Damage is still being assessed at the Northfield wastewater facility after a May 29 fire, but early signs are less than promising.
According to Northfield Public Works Director Dave Bennett, the fire caused “catastrophic damage” in the biosolids building. He said operations in that building will be down for six to 12 months and equipment could cost somewhere around $4.5 million to 5 million to repair. In addition, the city needs to haul sludge that would normally be processed in the biosolids building to other communities, which could cost $1 million on its own, according to Bennett.
The biosolids building is not key to the wastewater treatment process, so the damage won’t impact residents. Much of the repair costs will be covered by insurance provided by the League of Minnesota Cities, but the city’s liability is yet to be determined, as the League is still investigating the cause of the fire.
The council voted 6-0 Tuesday to declare a local emergency, so city staff can immediately bring in clean up crews and start planning for repairs. Councilor Suzie Nakasian was absent.
“If we don’t move quickly, [the biosolids building will be down] longer,” Bennett said. “What we’re doing here is getting the process expedited to get things cleaned up and get the new equipment in place.”
Mayor Rhonda Pownell noted that the city’s Capital Improvement Plan already called for the equipment at the biosolids building to be replaced in 2021. The fire means that action is moving up a few years.
A fire broke out at the city of Northfield wastewater treatment plant late May 29, damaging the building’s interior and keeping staff out of the building throughout most of Wednesday.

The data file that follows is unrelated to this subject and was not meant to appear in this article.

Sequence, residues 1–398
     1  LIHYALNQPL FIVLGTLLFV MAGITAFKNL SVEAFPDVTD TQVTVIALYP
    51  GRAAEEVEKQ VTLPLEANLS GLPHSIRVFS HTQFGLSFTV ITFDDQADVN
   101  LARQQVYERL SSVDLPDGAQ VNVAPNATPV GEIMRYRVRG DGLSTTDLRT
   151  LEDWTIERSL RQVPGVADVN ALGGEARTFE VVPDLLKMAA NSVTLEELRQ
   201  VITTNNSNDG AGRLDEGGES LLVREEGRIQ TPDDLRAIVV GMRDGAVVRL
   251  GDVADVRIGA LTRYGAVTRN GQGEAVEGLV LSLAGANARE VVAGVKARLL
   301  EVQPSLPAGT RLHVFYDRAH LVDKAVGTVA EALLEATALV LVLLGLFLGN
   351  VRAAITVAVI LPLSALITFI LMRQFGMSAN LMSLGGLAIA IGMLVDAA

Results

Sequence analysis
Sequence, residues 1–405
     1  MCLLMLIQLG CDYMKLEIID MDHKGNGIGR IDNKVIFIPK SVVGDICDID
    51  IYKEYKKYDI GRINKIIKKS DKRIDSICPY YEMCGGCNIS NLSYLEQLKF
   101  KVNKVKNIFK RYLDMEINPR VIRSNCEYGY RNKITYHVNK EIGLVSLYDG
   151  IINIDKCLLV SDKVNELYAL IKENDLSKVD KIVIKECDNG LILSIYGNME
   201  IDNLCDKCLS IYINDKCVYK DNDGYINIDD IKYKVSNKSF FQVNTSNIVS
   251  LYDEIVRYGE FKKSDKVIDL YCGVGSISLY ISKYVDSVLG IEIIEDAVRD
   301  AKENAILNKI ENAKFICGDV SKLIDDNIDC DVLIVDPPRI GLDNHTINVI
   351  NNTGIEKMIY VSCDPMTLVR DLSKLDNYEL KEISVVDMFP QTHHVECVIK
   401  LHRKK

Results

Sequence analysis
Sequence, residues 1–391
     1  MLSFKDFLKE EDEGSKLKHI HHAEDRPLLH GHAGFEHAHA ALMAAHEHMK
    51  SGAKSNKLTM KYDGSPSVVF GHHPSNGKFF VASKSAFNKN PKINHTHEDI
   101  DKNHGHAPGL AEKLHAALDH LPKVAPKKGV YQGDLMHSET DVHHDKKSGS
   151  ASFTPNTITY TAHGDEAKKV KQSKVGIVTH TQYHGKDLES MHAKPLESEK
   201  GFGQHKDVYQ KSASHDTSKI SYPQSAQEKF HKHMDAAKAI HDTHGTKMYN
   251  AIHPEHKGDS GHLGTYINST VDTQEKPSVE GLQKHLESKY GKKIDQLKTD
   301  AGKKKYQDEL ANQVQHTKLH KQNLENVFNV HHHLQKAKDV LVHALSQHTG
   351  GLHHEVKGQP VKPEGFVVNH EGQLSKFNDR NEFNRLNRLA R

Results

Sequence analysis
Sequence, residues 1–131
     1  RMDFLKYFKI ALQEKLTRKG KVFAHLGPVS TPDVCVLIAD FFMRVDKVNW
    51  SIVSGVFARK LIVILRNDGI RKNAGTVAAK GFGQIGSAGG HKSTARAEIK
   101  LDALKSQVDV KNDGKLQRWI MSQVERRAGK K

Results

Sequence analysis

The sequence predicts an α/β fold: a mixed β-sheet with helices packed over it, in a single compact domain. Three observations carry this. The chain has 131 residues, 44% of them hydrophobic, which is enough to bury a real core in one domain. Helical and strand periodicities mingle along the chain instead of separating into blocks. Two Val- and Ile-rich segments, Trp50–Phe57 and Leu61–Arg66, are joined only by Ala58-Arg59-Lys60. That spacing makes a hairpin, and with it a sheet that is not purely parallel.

Fire fighters were on scene at 1450 Hwy. 3 N into the early hours Wednesday, according to Bennett. The fire was contained in the biosolids building. Biosolids are organic materials resulting from the treatment of domestic sewage.
One of the pieces of equipment in the building caught fire when nobody was there. City staff and the League of Minnesota Cities are trying to determine if the fire was related to a mechanical issue or a result of the process where a chemical is added to the system.
The fire caused some damage to lights, pipes and other items in the building. According to Public Utilities Manager Justin Wagner, equipment used in a pasteurization process was destroyed.
In January, part of the wastewater plant flooded, causing between $200,000 and $300,000 in damage. The City Council voted at that time to declare a local emergency, so staff could immediately access unbudgeted funds for the necessary repairs.
In the case of the flooding, equipment needed to be repaired immediately for the plant to return to normal operation.